Seven years ago, when it was bidding for the Olympic Games, China promised that journalists would have unfettered freedom to report during the event. That pledge, it seems, no longer stands.
Reporters in the Olympic Village say they're unable to access certain web sites. Namely those with information on the Taiwanese independence movement, Tibet, and Falun Gong. They can't navigate to amnesty.org or Radio Free Asia, either.
The International Olympic Committee sent us this statement:
The IOC has always encouraged the Beijing 2008 organisers to provide media with the fullest access possible to report on the Olympic Games, including access to the internet. BOCOG [Beijing Organizing Committee for the Games of the XXIX Olympiad] has said 'sufficient and convenient' internet access will be provided for the media to cover the Games. Today we learned there are issues accessing some websites. Therefore we are talking with the organisers to understand exactly the situation is and to see what may need to be rectified.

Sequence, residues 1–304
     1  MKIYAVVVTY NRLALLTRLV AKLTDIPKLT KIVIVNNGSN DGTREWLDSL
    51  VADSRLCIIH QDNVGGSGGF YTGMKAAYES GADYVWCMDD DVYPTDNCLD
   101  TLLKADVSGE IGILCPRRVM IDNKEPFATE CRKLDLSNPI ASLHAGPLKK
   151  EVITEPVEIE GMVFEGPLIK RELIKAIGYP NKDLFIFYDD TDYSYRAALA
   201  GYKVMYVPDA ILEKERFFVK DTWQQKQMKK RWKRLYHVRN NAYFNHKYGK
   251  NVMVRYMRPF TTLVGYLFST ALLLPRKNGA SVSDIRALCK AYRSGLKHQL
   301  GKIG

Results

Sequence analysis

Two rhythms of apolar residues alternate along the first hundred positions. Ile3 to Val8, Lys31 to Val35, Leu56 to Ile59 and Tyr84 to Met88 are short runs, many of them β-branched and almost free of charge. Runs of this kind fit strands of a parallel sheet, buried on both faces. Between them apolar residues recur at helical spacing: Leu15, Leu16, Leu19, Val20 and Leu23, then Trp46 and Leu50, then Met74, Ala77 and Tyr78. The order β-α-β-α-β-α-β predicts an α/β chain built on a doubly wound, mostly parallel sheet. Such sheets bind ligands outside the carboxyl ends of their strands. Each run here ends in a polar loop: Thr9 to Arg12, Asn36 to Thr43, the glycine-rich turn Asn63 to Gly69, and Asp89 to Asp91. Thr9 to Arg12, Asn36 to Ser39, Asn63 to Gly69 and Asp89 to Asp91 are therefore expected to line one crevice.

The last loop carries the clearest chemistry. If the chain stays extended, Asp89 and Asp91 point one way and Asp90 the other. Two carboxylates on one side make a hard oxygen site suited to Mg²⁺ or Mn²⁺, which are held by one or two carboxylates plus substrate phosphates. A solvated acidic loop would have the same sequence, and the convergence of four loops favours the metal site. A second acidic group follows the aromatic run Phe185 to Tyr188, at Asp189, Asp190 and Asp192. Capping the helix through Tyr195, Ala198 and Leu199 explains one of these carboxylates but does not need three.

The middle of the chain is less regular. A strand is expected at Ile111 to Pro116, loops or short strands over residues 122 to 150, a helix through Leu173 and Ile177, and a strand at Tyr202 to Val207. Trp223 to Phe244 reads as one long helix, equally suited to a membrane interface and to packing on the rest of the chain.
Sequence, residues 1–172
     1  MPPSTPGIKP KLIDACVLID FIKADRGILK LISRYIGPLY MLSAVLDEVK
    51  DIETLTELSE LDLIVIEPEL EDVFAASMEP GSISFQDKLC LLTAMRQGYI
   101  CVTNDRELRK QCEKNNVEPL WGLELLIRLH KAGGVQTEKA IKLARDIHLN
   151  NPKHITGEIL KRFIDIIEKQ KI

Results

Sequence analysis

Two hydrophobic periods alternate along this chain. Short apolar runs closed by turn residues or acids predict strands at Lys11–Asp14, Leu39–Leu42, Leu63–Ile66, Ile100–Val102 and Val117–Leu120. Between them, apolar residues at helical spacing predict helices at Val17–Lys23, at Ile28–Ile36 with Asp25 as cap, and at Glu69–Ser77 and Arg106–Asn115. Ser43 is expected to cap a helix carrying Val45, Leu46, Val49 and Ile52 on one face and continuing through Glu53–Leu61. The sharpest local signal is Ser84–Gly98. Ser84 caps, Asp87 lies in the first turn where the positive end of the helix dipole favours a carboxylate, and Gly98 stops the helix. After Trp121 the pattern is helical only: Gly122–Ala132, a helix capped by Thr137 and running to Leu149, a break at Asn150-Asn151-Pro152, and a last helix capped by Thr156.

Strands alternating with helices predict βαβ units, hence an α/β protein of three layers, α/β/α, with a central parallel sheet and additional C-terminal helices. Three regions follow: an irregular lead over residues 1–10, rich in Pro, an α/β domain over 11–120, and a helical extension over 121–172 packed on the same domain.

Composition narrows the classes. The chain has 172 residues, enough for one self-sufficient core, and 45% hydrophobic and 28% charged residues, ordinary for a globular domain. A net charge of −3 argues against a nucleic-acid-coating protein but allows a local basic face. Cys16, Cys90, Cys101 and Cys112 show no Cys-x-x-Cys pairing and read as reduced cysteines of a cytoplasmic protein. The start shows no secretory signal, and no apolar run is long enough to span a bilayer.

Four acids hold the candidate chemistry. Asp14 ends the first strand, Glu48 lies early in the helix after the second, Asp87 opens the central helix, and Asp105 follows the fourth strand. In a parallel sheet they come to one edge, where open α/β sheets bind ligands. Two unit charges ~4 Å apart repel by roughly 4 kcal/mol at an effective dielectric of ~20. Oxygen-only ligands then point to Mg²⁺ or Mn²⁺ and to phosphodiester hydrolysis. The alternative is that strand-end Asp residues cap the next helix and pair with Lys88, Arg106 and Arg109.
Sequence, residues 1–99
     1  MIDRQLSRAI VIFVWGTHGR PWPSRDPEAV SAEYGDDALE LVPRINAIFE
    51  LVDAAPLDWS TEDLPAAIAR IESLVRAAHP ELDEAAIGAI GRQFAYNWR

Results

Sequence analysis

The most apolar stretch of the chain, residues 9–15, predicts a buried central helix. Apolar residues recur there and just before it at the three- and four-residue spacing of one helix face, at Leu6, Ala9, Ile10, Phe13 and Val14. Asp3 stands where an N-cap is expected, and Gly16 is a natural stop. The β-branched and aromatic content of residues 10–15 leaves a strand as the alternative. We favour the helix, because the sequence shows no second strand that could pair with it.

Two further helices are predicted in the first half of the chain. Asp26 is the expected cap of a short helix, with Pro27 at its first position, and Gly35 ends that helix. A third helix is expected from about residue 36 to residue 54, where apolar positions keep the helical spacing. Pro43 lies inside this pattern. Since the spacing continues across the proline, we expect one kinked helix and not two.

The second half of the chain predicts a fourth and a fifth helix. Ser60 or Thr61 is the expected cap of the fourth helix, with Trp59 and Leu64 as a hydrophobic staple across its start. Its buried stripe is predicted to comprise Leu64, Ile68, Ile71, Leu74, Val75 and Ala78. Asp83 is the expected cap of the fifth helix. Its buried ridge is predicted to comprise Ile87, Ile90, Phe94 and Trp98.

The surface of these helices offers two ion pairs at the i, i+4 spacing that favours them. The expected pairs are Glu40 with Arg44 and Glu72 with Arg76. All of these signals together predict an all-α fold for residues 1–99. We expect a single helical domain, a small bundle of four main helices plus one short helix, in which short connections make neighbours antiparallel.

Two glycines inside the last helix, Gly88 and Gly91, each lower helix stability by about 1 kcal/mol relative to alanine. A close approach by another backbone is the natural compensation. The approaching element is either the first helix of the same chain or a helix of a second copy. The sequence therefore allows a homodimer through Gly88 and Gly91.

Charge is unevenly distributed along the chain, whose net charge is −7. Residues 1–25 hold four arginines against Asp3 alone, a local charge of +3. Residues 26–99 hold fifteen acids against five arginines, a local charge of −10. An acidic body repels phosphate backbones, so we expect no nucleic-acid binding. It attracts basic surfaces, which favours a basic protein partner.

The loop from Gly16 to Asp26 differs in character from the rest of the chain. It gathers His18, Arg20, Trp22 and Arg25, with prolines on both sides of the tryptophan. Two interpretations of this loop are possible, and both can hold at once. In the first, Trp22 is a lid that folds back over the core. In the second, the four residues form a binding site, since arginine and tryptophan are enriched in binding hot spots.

During the second hour, we'll talk to a handful of reporters and editors, charged with covering the Games in Beijing. How much freedom will they really have? How much of their coverage will they devote to foreign policy, human rights, and protests?
We'll speak with Anthony Kuhn, NPR's estimable Beijing correspondent, who kindly agreed to wake up at 3:00 a.m. (Beijing), to go to our bureau; Jonathan Paterson, an assignment editor at the BBC, responsible for planning the organization's coverage of the Games; and Terry McDonell, the managing editor of Sports Illustrated.
Come August 8th, when the Olympics begin, what do you want to read, hear, and see? Are you principally interested in the events, or do you want stories about the political climate in China?